Dr. Sethi: Absolutely. So it’s a guide to utilizing mind-body practices for hormonal balance and increasing your energy. And you’re going to find in there’s actually a 4-7-8 meditation. There’s, sorry, breathwork. There’s an easy meditation to get started with. It’s the one I typically give to my patients to just get them started if they do want to sit and do more than the one minute. And then there’s a vagal practice in there as well to begin to tone the vagus nerve as we talked about early on, and just some simple things you can do every day, like humming and singing and brushing a certain way to really turn that biggest nerve as well.
Dr. Carrasco: Oh, that’s awesome. What a great gift and we’ll have that in the show notes for sure. And then two more questions, where can people find you online and where can people get your book?
Dr. Sethi: So they can find me at drshellysethi.com. I’m also on Instagram and on Facebook under Dr. Shelly Sethi. And my book is on Amazon. So it’s easy to find there. And from time to time, we do put it on our website as well as a free download as well.
Dr. Carrasco: Great. Well, we’re going to link to all of that and we are just so happy that you came and shared your expertise. Christine, do you have any other questions?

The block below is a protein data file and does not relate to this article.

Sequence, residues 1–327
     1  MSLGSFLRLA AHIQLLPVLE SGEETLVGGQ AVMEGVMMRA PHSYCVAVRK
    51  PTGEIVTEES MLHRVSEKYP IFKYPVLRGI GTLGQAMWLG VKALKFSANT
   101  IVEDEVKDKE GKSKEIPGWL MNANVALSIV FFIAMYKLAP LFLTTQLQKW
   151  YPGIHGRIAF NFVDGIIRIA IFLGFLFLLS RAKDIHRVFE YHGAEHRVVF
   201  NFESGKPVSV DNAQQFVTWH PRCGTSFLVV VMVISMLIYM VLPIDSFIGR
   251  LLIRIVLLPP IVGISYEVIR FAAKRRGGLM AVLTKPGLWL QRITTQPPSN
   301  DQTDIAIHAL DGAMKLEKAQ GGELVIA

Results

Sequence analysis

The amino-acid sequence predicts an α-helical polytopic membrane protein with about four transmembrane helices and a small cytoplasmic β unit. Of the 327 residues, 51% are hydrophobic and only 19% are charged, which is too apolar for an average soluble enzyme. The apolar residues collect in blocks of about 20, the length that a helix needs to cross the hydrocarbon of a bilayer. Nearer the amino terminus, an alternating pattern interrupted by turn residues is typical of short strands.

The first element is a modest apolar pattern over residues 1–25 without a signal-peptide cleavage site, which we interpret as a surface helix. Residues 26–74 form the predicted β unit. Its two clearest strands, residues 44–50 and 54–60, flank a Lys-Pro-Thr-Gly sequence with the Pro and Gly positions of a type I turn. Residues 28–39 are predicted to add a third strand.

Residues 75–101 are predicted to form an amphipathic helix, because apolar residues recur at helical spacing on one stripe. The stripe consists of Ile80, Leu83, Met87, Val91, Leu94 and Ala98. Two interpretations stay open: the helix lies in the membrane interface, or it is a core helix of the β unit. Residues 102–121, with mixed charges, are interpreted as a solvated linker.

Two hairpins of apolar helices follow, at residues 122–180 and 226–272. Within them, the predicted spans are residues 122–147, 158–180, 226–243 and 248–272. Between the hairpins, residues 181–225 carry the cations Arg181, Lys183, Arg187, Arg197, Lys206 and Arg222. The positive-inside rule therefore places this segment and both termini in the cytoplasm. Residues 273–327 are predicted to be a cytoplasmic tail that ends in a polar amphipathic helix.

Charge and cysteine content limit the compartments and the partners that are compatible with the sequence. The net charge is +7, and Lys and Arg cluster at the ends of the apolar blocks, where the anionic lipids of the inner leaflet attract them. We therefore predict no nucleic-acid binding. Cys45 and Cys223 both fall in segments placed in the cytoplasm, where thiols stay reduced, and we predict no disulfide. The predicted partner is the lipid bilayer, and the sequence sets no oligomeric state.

Dr. Maren: Oh gosh, no, thank you. I do have one last question, actually. So I’m just curious. What is your habit? I’d love to know, like what’s your personal habit for meditation and how do you manage to do it with a busy practice and a physician husband and two kids at home and all of that.
Dr. Sethi: So I’ll be honest. My practice has changed over the years and that’s the other thing. I think it’s also really good to be flexible. And so the more that you try different things, I think that when you’re in different situations in life, like this pandemic that we’re all exposed to right now, you’re just going to have to be flexible and find what works. Prior to stay at home and kids being home and all of that, I was doing an hour and a half practice every single day, probably for a good year and a half because that was what fit into my schedule. Now with everything having shifted, it looks more like a 30-minute practice that I do when I get into bed. And I actually take melatonin at night. And then I start that meditation practice. And let me tell you, my dreams are amazing. So [crosstalk 00:35:16] melatonin. So that’s just what works for me right now. It’s really the only thing I can fit in until we get into more of a routine with our schedules, all of us being home.